The inside diameter of half-inch copper pipe is 0.527 inches. The inside diameter of three-quarter inch Pex is 0.681. That means that the Pex you want to install can theoretically carry about 29 percent more water than copper.

Keep in mind that PEX-a has the same OD as copper and has a thicker wall resulting in greater insulation and will not sweat like copper. PEX-a is 3 times smoother than new copper which means water is moved at greater velocities, this helps to reduce the difference in flow characteristics when comparing to equivalent sized copper pipe and the slightly smaller ID of PEX.

That said, there are other factors to consider that can be hard to calculate precisely. One is how many fittings you have; since Pex fittings go inside the pipe instead of around it like copper, each fitting that you add when using Pex reduces the flow rate. Right angles also decrease the flow rate since water has to work harder to go around hard turns -- although here Pex can be advantageous in some cases because you can curve it around corners, whereas with copper you'd have to use an elbow.

Also, if using PEX-a, like Uponor AquaPex, the cold expansion fittings are almost the same ID as the PEX line itself and provides a 29% larger ID than regular crimp fittings like ASTM F1807/F2159. This results in a 70% greater flow over standard crimp fittings. For example, Uponor Propex 3/4" fitting has an ID of 0.595" compared to the 0.681" ID of the PEX line itself. The plastic 3/4" crimp style fitting has an ID of 0.460" and the brass crimp style 3/4" has an ID of 0.530".

The number of fixtures being served by your lines of Pex could also make a big difference. Ideally, you'd have a dedicated run of Pex (i.e., a "home run") going directly from the water meter to each bathroom. That would likely result in a much better experience than tying both bathrooms into the same line. Of course, running a dedicated line to each bathroom may or may not be feasible, depending on where the bathrooms are located and how many walls you'd have to cut up to do this.

The location of the bathrooms matters, too. If one is on the third floor and the other is in the basement, the latter might rob the former of water when it is in use.

The bottom line: Without a lot more data about the specifics of your situation, it's impossible to say for sure whether replumbing with Pex would increase volume. But it probably would, especially if you are careful to avoid unnecessary fittings within your Pex lines and you are able to do a dedicated line to each bathroom.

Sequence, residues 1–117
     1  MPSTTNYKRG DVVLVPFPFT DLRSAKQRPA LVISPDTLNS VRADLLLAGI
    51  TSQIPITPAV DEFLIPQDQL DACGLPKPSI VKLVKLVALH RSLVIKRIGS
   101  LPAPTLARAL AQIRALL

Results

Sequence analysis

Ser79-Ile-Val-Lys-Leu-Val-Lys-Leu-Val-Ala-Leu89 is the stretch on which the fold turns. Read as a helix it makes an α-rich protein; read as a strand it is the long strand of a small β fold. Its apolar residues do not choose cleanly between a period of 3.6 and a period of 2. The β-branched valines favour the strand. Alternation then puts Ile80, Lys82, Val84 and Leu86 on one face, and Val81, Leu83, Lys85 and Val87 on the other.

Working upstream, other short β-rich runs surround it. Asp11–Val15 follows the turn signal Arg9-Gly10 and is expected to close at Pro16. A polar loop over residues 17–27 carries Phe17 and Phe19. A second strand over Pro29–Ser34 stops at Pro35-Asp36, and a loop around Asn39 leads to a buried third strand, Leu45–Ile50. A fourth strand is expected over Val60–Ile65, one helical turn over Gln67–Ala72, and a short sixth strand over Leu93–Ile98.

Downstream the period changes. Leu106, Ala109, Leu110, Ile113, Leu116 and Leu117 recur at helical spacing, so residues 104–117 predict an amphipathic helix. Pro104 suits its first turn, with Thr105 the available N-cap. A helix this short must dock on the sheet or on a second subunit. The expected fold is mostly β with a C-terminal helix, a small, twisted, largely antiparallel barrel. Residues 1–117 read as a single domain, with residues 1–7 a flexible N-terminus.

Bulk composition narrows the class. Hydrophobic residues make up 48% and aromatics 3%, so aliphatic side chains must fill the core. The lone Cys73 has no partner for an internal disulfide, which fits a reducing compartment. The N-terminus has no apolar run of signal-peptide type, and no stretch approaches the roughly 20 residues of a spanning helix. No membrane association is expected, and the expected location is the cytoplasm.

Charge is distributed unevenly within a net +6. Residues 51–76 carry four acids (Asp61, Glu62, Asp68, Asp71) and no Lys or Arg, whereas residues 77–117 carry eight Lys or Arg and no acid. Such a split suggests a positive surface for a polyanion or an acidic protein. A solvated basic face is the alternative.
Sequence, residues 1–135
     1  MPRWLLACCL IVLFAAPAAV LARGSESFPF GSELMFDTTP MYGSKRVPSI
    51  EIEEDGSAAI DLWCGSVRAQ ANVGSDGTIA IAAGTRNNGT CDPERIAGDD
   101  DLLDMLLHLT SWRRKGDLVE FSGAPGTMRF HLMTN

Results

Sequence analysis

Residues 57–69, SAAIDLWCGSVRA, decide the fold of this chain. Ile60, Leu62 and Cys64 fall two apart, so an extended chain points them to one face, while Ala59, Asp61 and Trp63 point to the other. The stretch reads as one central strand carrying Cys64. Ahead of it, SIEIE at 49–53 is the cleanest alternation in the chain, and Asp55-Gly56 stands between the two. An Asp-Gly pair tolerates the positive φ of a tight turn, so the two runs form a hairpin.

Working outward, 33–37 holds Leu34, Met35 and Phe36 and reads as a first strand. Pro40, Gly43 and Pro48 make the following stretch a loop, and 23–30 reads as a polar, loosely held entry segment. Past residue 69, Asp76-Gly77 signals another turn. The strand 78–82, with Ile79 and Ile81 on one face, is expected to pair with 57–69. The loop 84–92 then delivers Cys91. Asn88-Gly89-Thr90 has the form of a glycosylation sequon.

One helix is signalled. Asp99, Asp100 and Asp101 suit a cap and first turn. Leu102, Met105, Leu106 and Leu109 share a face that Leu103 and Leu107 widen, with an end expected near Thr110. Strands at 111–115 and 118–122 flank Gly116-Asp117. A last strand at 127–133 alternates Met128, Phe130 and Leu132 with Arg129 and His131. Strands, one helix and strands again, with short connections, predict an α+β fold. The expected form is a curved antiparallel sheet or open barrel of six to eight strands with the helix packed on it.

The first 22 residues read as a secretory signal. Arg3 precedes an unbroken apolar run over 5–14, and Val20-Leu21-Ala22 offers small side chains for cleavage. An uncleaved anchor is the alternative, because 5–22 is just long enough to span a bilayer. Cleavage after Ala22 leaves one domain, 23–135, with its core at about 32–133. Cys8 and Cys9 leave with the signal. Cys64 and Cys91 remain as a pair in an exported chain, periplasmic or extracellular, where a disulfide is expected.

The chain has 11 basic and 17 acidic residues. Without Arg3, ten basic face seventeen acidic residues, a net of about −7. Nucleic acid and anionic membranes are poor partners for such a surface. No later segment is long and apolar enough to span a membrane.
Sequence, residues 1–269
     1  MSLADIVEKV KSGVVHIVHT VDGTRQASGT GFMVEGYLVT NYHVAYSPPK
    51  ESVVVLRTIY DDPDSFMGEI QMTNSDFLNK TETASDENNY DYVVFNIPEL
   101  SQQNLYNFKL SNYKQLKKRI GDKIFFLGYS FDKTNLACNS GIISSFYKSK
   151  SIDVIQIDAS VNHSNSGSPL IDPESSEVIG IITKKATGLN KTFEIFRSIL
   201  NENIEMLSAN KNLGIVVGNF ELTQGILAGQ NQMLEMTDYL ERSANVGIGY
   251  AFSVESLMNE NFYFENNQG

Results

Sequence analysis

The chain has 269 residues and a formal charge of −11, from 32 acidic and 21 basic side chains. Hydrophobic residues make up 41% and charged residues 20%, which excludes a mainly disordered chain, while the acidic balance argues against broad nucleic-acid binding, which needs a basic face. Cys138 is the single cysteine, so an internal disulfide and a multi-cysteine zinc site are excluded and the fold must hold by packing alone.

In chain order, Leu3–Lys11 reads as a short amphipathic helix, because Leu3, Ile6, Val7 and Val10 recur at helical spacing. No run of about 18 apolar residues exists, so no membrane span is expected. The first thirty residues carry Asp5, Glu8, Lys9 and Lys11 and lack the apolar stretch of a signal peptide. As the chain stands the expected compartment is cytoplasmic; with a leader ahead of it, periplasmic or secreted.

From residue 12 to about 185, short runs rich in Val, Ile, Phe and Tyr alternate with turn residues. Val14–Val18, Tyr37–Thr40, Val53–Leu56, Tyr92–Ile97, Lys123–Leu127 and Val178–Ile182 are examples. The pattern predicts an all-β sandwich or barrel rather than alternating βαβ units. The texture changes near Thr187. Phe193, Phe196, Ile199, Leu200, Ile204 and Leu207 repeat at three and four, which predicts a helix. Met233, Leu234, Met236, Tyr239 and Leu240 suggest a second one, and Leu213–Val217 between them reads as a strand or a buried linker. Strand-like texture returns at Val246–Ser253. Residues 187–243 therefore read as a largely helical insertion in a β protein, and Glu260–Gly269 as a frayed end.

All this said, half-inch copper (and, for that matter, half-inch Pex) should be sufficient to serve two showers in most cases. I have a three-story house with three full baths that is plumbed with a mix of half-inch copper and half-inch Pex, and never have issues with the showers. But I also have a 1.5-inch line coming in from the street, which could be a factor. I wonder if your real issue is that the volume of water coming off the street is just too low; do your neighbors who have multiple bathrooms have any issues?

  • 2
    Mathematically, three-quarter inch Pex has 69 percent greater cross-section area than half-inch copper. Just like comparing pizzas. Pie are squared.
    – John Canon
    Commented Jan 25, 2019 at 3:04
  • Apparently, there is a 1 inch street line that gets downgraded to 5/8 since the meter is 5/8. The old owner had the option to upgrade to 3/4 for free but refused. I guess I am getting confused. My thinking is big pipe - little pipe; all the same when the pressure has to come down to 75 psi anyway. Wouldn't the amount of water flowing through the pipes be the same since they were both reduced to 75 psi and that is accomplished by restricting flow? Commented Jan 25, 2019 at 13:41
  • @JohnCanon good point. I'm feeling dumb for forgetting the sixth-grade math lesson about calculating the area of a circle. Commented Jan 27, 2019 at 1:34
  • 1
    You don't even need to calculate the area of a circle, just calculate a square and instead of sqaure inches, just call it circular square inches. That's what they do with wire; the unit is cmil or circular mill (a circle 1/1000 inch in diameter). The basic unit is thousands, called kcmil or mcm (roman M circular mil). 1000 mcm = 1,000,000 circular mil = a circle 1 inch in diameter. Yet another way electricians avoid math. Commented Feb 1, 2019 at 20:56
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    "you can curve [Pex] around corners, whereas with copper you'd have to use an elbow." - that's not right. You can bend copper into a curve (and it looks much neater if you do). Commented Feb 25, 2019 at 17:17

Plumbing code is a min 1 1/4" from the meter to the house. You can reduce it once it enters the house.75 psi is way to high. Your fill valves and water connections aren't equipped to take high pressure and they will leak.